RESURRECTION – Review by Valerie Kalfrin

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The trauma of an abusive relationship resurfaces in Resurrection, a thriller that Rebecca Hall centers with a get-under-your-skin performance, even as the film turns into bonkers territory.

Margaret (Hall), works as a biotech executive, discussing clinical data with precision. She wears tasteful, tailored suits, fixes her appearance just so, and calls up a married co-worker for regular no-strings-attached sex. The only ripples in her well-calibrated life come from her college-bound daughter, Abbie (Grace Kaufman, The Sky Is Everywhere), whom she’s raised alone.

Margaret gazes at Abbie a bit too intently for comfort, saying things like she’ll kill anyone who harms as much as a hair on the girl’s head. These statements, Abbie says, are more for her mother’s benefit than her own.

Writer-director Andrew Semans (Nancy, Please) takes his time before revealing what spurred Margaret to project such strength and control. One day at a medical conference, Margaret glimpses her old boyfriend, David (Tim Roth, Sundown), seated across the room, and memories of their relationship send her racing outside, shaking and gasping for air.

Resurrection doesn’t explain why David has dropped back into Margaret’s life after more than twenty years or how he knows so much about her life now. For a while, the film makes us wonder whether he’s real or just a memory resurfaced from the stress of Abbie’s impending departure.

Hall, who made her directorial debut with 2021’s Passing, has played several women whose sanity frays as their realities fracture (The Night House, The Gift, Christine). She shows Margaret’s obvious jitters but impresses most in less-showy scenes, such as a lengthy monologue late at night where she describes meeting David, what their relationship was like, and the guilt she carries about leaving him. Semans frames her in a medium shot without cutting away, a rare revelation from this guarded woman, and Hall holds the screen.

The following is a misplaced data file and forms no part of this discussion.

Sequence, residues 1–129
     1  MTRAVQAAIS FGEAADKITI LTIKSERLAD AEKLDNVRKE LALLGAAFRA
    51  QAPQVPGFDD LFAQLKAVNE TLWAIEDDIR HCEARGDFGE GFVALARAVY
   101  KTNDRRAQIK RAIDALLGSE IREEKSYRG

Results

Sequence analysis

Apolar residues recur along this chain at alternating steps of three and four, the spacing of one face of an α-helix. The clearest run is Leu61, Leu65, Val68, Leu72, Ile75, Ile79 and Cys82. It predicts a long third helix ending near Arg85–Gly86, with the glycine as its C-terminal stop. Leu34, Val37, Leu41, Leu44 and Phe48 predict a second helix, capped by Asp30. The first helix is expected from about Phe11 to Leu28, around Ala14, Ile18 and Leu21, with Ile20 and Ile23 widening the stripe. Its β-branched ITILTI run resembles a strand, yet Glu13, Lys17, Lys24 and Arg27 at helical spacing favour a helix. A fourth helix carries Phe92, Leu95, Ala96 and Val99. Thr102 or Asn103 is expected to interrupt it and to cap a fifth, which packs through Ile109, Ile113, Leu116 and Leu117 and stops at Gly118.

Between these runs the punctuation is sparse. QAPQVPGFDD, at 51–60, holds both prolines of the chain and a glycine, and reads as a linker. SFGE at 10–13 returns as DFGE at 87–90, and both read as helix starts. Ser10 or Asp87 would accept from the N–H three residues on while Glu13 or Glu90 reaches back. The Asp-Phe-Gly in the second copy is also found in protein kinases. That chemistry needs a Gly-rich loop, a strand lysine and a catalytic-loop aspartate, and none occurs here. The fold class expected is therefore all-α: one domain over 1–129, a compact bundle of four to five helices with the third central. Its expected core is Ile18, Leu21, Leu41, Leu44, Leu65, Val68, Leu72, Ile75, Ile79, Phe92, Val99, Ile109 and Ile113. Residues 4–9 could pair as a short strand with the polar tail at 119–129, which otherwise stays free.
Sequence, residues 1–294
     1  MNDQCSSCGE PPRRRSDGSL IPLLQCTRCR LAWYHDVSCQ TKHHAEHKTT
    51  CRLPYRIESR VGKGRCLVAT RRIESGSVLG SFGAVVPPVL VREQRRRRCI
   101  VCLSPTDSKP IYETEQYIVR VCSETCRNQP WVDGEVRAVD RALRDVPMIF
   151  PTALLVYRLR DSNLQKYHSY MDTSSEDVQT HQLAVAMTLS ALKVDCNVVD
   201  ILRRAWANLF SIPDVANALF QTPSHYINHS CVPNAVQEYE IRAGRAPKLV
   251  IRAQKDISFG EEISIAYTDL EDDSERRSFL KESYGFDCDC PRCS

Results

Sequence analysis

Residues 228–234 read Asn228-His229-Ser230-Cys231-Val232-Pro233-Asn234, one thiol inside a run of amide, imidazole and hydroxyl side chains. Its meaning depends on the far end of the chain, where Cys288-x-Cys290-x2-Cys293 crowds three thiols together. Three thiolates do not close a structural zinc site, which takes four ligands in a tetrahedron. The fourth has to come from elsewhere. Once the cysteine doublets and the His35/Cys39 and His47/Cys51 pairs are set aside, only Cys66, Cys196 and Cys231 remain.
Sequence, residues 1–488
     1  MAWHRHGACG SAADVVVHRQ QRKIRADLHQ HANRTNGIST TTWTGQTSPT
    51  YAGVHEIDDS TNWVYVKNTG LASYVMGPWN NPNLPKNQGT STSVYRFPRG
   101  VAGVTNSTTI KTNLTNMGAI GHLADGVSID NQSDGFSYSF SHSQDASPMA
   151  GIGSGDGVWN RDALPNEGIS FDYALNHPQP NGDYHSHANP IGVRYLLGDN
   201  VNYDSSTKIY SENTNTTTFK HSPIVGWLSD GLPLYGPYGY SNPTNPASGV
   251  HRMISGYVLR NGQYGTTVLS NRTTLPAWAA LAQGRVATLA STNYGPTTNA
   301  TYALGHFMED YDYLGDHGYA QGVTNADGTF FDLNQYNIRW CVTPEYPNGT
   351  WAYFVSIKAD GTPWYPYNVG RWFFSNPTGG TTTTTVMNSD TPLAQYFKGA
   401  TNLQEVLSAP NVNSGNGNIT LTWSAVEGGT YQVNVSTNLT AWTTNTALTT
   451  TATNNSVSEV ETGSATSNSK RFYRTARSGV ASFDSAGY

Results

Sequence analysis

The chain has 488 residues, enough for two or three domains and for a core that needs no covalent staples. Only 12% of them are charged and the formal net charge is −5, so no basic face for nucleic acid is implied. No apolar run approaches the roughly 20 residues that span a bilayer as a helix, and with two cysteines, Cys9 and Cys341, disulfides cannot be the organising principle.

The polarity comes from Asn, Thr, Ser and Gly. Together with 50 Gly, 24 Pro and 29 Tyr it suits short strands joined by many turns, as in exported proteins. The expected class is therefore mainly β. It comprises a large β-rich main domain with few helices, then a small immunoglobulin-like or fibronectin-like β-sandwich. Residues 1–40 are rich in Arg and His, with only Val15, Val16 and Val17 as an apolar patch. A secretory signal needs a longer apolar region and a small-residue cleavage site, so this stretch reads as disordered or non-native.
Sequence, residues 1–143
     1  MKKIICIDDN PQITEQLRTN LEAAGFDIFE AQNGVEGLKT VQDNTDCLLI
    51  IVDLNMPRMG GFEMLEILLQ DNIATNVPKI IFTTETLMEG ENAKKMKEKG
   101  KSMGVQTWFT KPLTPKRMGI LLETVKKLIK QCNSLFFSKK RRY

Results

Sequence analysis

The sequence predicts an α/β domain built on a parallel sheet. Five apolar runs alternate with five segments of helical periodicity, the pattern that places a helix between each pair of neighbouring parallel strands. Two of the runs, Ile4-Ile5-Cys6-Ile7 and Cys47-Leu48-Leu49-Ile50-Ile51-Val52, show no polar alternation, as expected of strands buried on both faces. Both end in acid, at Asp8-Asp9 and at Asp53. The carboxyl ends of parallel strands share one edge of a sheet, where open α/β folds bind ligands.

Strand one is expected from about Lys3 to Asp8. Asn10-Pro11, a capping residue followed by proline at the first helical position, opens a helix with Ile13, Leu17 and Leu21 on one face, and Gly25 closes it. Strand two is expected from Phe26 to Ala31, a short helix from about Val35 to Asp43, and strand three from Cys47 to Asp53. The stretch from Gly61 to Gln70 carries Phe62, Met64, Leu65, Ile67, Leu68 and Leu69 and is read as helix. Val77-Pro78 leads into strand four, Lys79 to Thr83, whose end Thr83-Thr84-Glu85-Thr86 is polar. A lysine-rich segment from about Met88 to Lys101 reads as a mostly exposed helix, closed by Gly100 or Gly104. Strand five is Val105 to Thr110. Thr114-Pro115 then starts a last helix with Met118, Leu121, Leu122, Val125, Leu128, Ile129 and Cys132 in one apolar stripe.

As David, Roth has a calm and precise delivery, speaking of “kindnesses” that Margaret used to do for him and that he requires again. Margaret threatens to kill him, but he doesn’t believe she has it in her, and she grows angrier at herself and more unhinged as she recognizes the young, frightened woman she used to be.

For a while, Resurrection lives in that relatable, uneasy space when something reminds us of a version of ourselves we thought we’d outgrown. Yet this is not a subtle film, with a score by Jim Williams (Titane) that leans heavily on the strings, and David’s hold over Margaret that might or might not be metaphorical. The gory climax either answers that question or leaves viewers wondering what they’ve just watched—and if the running time was worth the trouble.

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Valerie Kalfrin

Valerie Kalfrin is an award-winning crime journalist turned freelance film writer whose work appears at, In Their Own League, Script, The Hollywood Reporter, and other outlets. Also a screenwriter and script consultant, she’s passionate about challenging stereotypes about gender and disability. Let’s tell better stories and tell stories better.